“That’s a real problem for Kevin,” says McDuffie. “That’s something that’s going to be going on indefinitely. That’s a major change for Kevin and for his relationship with Gwen. It’s something they are all going to have to deal with. The relationship will definitely be challenged.”
Another character fans should expect to see more of is Ben and Gwen’s grandfather, Max.
“He came back to Earth at the end of last season,” admits McDuffie. “He finished what he had to do on the other dimension. That he rode in riding a Null Void Guardian shows just his level of control over there.
“Now Max is still pretty much a constant though. You’re going to see him in the background a lot, organizing a new force of Plumbers. There wasn’t an active Plumber base when ‘Alien Force’ started. Max is now setting that up (again). Otherwise, Max is still Max.”
Another character who will apparently be making appearances is a personal favorite of McDuffie, Doc Paradox, who is voiced by no less than “NCIS’” Dr. Donald “Ducky” Mallard, David McCallum.
“It’s fair to say that Doc Paradox is returning and David McCallum is still in the role,” quips McDuffie. “Yes, he did start out as an homage to Doctor Who because we are all fans over here, particularly the original show. We were fans more for the kind of stories they used to tell and want to continue doing those kind of stories. So it seemed appropriate to have a character that was sort of a wink and a nod to that.
“David is also wonderful to work with, and he’s brought a charm to that character we just can’t write. We can get away with stuff that we just can’t get away with if it was another actor. He’s wonderful at it. Yes, there are others returning, and they are all surprises. Prepare to be surprised.”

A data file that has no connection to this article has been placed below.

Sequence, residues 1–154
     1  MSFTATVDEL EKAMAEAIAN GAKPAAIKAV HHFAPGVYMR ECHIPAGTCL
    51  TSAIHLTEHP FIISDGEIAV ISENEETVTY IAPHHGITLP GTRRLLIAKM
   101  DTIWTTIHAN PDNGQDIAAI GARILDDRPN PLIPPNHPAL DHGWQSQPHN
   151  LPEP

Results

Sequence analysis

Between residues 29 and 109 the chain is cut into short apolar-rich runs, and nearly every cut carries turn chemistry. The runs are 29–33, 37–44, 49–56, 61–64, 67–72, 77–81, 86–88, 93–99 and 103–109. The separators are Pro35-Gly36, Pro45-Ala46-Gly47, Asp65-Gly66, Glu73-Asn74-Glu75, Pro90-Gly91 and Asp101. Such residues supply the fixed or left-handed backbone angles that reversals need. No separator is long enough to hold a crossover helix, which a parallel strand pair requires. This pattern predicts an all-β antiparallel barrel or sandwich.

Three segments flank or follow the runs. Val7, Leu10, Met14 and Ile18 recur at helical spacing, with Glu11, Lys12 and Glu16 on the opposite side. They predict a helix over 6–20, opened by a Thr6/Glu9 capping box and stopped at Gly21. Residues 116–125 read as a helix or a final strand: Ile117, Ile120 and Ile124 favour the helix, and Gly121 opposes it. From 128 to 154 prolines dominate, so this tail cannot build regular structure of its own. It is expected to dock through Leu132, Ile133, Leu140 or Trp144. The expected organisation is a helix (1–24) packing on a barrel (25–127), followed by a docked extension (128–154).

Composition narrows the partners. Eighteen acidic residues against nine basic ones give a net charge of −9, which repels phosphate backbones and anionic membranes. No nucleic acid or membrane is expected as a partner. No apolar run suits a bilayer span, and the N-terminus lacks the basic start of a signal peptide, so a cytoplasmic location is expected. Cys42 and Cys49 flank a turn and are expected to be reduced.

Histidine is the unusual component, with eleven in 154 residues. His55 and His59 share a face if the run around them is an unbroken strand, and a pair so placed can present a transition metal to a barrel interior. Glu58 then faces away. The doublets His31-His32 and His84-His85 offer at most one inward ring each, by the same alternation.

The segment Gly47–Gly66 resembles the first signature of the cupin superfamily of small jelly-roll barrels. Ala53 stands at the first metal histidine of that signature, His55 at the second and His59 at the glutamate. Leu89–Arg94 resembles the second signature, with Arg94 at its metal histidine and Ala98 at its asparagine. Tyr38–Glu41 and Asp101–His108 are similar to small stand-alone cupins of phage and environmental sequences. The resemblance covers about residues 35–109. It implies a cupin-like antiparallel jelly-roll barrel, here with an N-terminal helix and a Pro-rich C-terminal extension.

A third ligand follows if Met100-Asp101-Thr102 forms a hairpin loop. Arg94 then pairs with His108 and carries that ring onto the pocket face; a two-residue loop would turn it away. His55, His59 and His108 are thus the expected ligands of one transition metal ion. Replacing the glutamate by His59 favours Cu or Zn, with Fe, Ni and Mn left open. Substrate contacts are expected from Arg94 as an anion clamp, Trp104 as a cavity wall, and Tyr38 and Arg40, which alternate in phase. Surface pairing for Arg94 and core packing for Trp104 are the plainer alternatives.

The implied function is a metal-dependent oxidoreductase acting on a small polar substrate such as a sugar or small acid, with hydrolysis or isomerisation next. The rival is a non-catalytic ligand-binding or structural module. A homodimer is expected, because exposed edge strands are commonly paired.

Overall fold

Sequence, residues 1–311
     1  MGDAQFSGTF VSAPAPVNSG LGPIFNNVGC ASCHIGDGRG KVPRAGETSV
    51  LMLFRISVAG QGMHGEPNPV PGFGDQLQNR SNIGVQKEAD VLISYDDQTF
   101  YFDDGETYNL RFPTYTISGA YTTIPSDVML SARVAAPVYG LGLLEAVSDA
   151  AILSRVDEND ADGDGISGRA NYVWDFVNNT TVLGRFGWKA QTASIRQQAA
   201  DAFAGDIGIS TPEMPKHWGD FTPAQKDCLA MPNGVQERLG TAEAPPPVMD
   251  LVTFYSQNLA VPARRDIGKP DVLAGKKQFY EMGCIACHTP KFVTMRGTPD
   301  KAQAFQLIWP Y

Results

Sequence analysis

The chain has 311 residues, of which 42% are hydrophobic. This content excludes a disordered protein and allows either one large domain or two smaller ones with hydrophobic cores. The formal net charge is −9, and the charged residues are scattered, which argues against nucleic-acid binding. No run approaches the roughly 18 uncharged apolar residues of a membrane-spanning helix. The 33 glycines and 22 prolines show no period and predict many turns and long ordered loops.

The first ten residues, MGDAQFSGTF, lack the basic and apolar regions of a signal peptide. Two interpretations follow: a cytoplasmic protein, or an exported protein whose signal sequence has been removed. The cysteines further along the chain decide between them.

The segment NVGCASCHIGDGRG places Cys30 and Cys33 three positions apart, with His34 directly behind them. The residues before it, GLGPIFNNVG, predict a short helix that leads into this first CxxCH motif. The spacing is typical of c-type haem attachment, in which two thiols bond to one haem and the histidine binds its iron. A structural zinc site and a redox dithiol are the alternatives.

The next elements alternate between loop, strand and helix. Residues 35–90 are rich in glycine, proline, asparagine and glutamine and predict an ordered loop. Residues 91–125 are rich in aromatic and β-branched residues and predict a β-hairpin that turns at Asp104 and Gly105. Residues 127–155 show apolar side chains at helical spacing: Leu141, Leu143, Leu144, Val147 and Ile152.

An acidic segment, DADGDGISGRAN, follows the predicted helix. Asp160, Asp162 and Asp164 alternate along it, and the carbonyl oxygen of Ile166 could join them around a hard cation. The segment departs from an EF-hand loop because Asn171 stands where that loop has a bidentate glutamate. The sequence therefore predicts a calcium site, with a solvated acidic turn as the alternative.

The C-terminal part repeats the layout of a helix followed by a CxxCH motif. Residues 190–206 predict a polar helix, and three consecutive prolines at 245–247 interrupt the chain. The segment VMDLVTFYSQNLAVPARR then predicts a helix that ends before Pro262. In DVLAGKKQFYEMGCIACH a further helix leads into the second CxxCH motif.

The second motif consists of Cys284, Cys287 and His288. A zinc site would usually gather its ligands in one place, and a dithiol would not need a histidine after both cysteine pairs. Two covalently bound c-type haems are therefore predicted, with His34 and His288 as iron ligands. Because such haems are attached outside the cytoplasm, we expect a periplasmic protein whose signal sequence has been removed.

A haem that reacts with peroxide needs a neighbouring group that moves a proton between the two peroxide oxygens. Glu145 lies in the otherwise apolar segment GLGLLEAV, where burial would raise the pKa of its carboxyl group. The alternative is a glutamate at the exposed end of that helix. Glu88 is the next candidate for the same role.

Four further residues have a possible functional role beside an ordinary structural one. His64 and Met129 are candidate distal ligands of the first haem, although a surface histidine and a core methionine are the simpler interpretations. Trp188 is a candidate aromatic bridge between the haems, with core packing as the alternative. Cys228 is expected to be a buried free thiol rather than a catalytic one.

While he was at it, McDuffie had more than his share of praise for the key cast, including Yuri Lowenthal (Ben), Greg Cipes (Kevin) and Ashley Johnson (Gwen).
“Everybody’s great!” McDuffie exclaims. “This is one of the best casts I’ve ever worked with. All of them are able to find things in their characters that we didn’t know were there. We are constantly writing to catch up where the cast is taking them. You can feel the relationship between the characters in their voices. They are all very natural and real. I give a lot of credit to Andrea Romano, who is just a straight up genius.”
As for his partner-in-crime Murakami?
“He always comes up with surprises!” McDuffie exclaims. “Always! Visually, the show continues to grow. You are going to see stuff on the show that you’ve never seen before, or any kind of animated series. I’m constantly stunned by it.
“For instance, I can type up a line like ‘the bad guy unleashes a ball of energy that will literally destroy the world.’ That’s pretty easy to type. Every single time, Glen and his crew come up with something that is so far beyond anything I could expect. Man! They make me look really smart.”
McDuffie is also finding the franchise’s continued expansion interesting in its own right.
“This is the second season of ‘Alien Force.’ It is the second ‘Ben 10’ series. There is a live action movie coming later that’s called ‘Alien Swarm.’ That’s a separate project. The guys on ‘Alien Swarm’ talk to us from time to time, especially early on. Glen is working pretty closely with them. ‘Alien Swarm’ looks like it’s going to be a lot of fun. I actually went to film school with Alex Winter (Swarm director—ED). We took Sight and Sound at NYU. He’s a fun guy.”